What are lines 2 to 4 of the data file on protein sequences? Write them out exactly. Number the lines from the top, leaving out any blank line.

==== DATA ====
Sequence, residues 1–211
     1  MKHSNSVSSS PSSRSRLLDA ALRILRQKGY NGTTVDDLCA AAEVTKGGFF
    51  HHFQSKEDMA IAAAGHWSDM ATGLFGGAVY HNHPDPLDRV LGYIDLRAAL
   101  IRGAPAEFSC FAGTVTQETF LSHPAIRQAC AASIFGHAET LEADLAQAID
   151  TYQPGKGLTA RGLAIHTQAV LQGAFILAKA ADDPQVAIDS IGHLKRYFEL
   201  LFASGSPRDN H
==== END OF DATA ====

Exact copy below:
     1  MKHSNSVSSS PSSRSRLLDA ALRILRQKGY NGTTVDDLCA AAEVTKGGFF
    51  HHFQSKEDMA IAAAGHWSDM ATGLFGGAVY HNHPDPLDRV LGYIDLRAAL
   101  IRGAPAEFSC FAGTVTQETF LSHPAIRQAC AASIFGHAET LEADLAQAID